if  header :value "ge" :comparator "i;ascii-numeric" ["X-Spam-score"] ["5"]  
    { 
      fileinto "INBOX.Junk Mail";
      stop;
    } 
}

It’s not for amateurs (so there’s a GUI where a lot of this can be managed) but, for me, this is amazing. I keep a list of known noisemakers, commerce hounds, and social domains that makes filtering a breeze. (Actually, it’s not a breeze: maintaining the script and its data is a little obnoxious. But it’s mine, and it’s not written by Google, and it can’t be corrupted simply because advertisers have paid enough to defeat it.) I’m down to really truly inboxy stuff in my inbox, which is a huge deal.

It is a lot of work to change your email address. If you’re going to forward your old email to your new account, that’ll work, but I really wanted to be able to sunset my old email accounts and move forward with something that was new. (I’ve had my Google email address for 10 years, and my other main address for 16 years.) So I bit off everything at the same time: new address, new service, new app.

I watched my old addresses (which I still forwarded, naturally) and, one-by-one, went about the business of changing the email addresses by which they new me. From hardest to easiest:

  1. People. If you want to email a friend, how do you remember their email address? You might have a contact manager or you might just find an old email from them and reply to it. (Google Mail will suggest commonly used email addresses if you just start typing someone’s name.) None of these are updated automatically when I send out my “hey I got a new address” email. People are the worst.
  2. Companies who don’t give a crap. Lots of companies send email with no footer letting you get back to their site and edit your profile. All I could do was unsubscribe, and so I did. (Potential scope creep in any project: if the app should send an email, are you ready to think about every aspect of sending email, including allowing the editing of an email address?)
  3. Companies whose systems are tightly coupled to your email address. I have a number of accounts at places where editing one’s email never occurred to them. Apple was particularly bad. I’m still (eight months later) trying to convince iCloud who I am across all my devices. (How’d they not see that coming?)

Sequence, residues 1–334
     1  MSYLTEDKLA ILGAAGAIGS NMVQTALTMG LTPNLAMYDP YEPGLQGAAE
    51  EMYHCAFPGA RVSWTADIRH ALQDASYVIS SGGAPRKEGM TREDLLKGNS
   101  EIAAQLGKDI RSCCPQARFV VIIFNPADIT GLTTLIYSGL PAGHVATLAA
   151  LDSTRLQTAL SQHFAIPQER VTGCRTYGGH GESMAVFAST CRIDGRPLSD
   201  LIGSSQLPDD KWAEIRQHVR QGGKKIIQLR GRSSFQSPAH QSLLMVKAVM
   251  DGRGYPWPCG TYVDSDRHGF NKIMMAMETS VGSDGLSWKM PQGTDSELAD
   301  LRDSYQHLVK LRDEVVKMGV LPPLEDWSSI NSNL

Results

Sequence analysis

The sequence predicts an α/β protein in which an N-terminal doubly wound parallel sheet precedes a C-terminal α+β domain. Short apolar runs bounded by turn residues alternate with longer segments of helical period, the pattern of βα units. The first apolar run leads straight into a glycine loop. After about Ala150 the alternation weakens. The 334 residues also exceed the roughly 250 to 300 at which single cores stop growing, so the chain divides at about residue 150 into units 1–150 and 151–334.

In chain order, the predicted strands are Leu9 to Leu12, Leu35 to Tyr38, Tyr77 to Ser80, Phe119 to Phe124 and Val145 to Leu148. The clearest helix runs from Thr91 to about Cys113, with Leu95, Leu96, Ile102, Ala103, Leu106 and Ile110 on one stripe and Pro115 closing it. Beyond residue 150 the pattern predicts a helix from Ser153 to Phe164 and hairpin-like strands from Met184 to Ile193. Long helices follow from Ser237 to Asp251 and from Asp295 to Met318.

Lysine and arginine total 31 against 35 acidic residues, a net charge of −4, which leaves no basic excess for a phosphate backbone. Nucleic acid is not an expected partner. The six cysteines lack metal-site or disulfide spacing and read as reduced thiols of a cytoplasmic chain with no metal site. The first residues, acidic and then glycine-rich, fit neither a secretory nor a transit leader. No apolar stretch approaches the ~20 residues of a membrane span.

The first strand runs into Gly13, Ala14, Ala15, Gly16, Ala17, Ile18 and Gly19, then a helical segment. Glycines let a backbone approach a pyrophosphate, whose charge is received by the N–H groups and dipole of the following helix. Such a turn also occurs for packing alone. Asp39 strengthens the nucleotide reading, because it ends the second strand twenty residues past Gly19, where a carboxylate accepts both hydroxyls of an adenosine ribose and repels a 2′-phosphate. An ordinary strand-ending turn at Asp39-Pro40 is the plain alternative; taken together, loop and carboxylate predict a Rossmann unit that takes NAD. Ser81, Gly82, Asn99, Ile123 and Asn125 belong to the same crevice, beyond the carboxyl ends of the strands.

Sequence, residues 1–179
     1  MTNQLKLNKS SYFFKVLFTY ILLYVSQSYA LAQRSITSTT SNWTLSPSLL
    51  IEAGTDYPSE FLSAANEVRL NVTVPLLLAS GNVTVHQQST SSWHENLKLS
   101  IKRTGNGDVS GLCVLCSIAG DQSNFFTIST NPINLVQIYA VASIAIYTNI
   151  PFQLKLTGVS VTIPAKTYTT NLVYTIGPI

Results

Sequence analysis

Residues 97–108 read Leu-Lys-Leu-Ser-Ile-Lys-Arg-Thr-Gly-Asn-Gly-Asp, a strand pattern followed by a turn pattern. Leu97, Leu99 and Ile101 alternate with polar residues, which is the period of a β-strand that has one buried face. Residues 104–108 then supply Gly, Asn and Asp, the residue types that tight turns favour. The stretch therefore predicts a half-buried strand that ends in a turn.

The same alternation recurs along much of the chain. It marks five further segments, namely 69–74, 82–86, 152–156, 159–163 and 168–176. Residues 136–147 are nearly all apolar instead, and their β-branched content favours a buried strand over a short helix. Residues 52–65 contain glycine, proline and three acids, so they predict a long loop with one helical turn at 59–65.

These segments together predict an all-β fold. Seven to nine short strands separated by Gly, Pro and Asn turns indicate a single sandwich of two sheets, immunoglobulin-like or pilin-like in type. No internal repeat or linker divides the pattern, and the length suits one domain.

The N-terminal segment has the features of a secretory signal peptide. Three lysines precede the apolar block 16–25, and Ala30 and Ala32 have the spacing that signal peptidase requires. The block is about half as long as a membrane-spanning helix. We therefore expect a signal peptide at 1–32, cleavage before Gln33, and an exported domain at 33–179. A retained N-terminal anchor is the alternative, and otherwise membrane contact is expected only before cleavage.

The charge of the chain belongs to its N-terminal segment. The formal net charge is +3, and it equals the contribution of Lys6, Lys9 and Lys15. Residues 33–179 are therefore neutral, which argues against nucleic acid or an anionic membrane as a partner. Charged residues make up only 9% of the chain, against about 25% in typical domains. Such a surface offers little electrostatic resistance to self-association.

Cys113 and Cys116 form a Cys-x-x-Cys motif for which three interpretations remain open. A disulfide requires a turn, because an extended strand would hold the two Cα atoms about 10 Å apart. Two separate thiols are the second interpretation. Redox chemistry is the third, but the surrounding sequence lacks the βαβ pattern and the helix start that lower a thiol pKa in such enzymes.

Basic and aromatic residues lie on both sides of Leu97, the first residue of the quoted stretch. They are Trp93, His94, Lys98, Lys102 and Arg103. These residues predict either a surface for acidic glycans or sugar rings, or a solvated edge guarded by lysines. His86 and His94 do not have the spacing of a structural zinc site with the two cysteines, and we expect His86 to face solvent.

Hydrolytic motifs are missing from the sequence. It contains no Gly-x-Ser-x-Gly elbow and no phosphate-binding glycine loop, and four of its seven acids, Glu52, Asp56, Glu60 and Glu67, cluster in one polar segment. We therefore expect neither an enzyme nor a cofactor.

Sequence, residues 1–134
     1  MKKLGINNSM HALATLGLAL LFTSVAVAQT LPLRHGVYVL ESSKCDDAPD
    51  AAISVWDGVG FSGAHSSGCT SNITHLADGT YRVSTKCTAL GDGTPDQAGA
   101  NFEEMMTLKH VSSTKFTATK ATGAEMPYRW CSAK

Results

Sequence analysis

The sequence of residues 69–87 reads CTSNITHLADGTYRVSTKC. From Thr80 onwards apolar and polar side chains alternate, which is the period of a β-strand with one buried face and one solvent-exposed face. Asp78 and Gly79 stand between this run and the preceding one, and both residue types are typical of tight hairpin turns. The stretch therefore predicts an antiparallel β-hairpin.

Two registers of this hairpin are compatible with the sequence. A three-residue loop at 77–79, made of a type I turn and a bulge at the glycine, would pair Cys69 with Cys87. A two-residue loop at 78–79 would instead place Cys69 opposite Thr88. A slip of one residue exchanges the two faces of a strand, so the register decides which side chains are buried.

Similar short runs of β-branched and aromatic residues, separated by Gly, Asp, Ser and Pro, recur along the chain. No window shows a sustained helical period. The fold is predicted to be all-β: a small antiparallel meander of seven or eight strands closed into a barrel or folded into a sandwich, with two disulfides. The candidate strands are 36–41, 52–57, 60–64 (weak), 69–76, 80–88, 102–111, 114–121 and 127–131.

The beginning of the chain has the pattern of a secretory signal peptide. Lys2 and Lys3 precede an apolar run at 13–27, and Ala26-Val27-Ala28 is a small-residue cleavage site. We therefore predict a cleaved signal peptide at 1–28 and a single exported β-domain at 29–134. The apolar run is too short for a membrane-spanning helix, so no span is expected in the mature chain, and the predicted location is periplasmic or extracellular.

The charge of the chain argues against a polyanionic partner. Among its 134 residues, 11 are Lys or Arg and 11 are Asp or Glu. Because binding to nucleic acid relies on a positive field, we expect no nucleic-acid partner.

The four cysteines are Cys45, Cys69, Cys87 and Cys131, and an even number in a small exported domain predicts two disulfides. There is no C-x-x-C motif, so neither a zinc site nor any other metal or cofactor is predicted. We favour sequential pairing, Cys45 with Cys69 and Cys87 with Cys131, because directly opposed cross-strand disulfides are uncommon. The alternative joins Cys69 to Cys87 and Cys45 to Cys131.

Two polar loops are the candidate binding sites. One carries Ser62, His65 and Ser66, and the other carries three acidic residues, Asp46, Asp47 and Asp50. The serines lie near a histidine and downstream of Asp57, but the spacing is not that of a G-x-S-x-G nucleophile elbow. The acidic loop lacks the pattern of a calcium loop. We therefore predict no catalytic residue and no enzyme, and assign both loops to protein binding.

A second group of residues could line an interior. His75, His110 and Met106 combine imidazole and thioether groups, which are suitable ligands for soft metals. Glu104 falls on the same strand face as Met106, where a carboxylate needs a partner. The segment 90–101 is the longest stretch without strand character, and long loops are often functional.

4. Companies who get it. I was actually pretty impressed by a lot of organizations who let me change my email no problem, so long as I clicked a link in an email to the new address, and almost all of them sent an email to my old email address just in case. Better yet were companies that had a concept of “membership” that would allow them to keep an array of email addresses. For a company like LinkedIn, that’s key: they want you findable by your “work email” no matter how many companies you work at over the years. But Microsoft has a similar system, and it’s really nice to be able to add a new email address without being logged out on all your other devices.

Long term, I’m really happy I did this. It’s not without effort or expense, but it’s where I am right now: too concerned with being sold to advertisers to sit comfortably with an ad-based service, and not wanting to run a mail server in my house.

Neither HTTP nor HTTPS

I don’t know if you caught this in the jQuery CDN post of earlier this week, but the link to jQuery didn’t use “http://ajax.aspnetcdn.com/ajax/jquery/jquery-2.0.0.min” or “https://ajax.aspnetcdn.com/ajax/jquery/jquery-2.0.0.min”, but “//ajax.aspnetcdn.com/ajax/jquery/jquery-2.0.0.min”.  Why is that?

I’m not sure when it became kosher by the browsers, but it’s called a protocol-relative URL.  If you make sites that serve pages up over http and https, then you’ve seen the need for this: to avoid a nasty (IE-only) security warning, you have to serve up assets that match the page.

Leaving the scheme off puts the browser in charge of asking for the assets the way that matches.  Problem solved.

Mostly.  Apparently, this had weird side effects in IE7 and IE8.